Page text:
Obscure David Bowie reference for you there. Before we turn to the NME, I just wanted to let you know that James McKean and the Blueberry Moon, in which I play guitar, have just released a new track called Rocks and Pebbles. And here it is. A full EP to follow in June, then an album. All mixed by your genial host at this weblog.
And now to the NME.
The NME lost me in the early noughties, when it became obsessively focused on the Strokes, the White Stripes, Interpol and, slightly later, their inferior British knock-offs. I simply wasn’t interested in a paper that could find nothing more worthy of discussion and analysis than Pete Doherty. It seemed to me then, and still seems now, that Conor McNicholas (the paper’s then editor) had driven them into a cul de sac, and was at some point going to have to reverse out of it, allowing his writers to turn their attention to something beyond retro indie rock.
When the NME did pivot away from indie towards pop, it was far too late.
But wider forces are at work here, of course. Chief among them is that, for all McNicholas likes to think his paper “owned” that cultural moment, and he’s been quoted plenty saying that it did, all the initial heavy lifting that made Brooklyn indie into the dominant form of rock for a decade was done online, by MP3 blogs, webzines and the young Pitchfork.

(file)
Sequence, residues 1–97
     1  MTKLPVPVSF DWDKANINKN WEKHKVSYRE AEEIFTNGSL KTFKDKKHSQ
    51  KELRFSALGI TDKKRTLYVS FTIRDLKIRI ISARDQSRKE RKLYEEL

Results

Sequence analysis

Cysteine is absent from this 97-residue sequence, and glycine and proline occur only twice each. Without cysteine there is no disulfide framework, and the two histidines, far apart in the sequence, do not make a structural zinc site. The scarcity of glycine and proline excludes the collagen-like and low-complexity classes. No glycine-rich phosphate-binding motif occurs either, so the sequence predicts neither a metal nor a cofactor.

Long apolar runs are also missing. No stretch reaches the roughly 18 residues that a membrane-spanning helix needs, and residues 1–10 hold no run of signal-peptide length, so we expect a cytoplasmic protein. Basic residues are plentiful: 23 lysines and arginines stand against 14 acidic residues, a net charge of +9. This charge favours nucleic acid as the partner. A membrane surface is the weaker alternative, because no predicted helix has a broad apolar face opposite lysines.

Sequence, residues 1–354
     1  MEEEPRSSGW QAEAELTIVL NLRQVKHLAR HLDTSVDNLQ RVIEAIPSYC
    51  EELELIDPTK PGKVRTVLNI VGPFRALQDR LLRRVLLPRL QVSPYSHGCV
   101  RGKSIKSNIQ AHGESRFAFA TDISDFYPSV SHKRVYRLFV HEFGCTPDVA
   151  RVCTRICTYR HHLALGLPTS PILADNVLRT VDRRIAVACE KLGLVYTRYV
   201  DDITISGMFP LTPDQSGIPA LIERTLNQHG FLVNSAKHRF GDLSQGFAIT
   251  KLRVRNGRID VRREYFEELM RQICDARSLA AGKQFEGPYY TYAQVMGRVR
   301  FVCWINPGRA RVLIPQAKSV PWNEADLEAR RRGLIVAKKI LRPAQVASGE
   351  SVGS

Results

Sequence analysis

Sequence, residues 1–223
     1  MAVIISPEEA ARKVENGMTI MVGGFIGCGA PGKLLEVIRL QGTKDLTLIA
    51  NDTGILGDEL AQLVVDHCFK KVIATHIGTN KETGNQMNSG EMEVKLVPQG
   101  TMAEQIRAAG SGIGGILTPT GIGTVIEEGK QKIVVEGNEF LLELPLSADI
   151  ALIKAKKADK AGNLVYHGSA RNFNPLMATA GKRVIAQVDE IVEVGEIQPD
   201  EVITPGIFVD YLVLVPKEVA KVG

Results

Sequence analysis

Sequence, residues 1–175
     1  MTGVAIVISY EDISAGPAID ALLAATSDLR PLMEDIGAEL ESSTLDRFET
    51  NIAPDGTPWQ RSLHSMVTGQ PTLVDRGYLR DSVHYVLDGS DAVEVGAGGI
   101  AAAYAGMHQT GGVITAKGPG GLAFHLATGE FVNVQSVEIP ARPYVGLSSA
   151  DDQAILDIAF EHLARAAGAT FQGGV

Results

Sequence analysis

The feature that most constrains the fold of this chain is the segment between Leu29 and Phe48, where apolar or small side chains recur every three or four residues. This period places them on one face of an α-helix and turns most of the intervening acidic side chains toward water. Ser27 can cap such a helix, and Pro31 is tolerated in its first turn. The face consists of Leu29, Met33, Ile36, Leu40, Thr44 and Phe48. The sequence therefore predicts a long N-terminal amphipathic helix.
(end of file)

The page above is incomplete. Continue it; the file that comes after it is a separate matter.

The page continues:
Like any long-lived print publication, the NME did not think digital. It’s now a web-only publication and it still doesn’t. Of all the music-writing portals online (they are legion, and some are spectacularly good), none has an uglier, more badly designed website than the NME. They’ll need a total site redesign immediately to have any chance in such a saturated market.
There’s also the thorny issue of music fans not needing gatekeepers to tell them what is and isn’t worth listening to, when they can do it themselves on their phones immediately and at no cost other than data. Oh, and the whole issue of editorial focus. These are not partisan times, musically. We all listen more widely than 20 years ago, because it’s so easy. The NME needs a staff who know stuff, can offer insight and analysis. If all they’re going to do is publish lightly edited press releases or stories off the wire, they’ll be completely dead inside 18 months.
I never knew the NME in its glory days, whenever you consider those to be. But I grew up with the NME still a thriving, widely read publication that could set an agenda, and seeing it slowly crawling to its end is a deflating experience. I hope those working for it are able to find new work, but my gut tells me that most of them won’t be able to find gainful employment in a similar sphere. The online ad market won’t support the number of titles it’d take for everyone to keep their jobs. The issue remains, how do you make money from something that everyone can get for free and that no one’s willing to pay for? And if you can’t get people to pay for music writing, how can you pay the people writing it?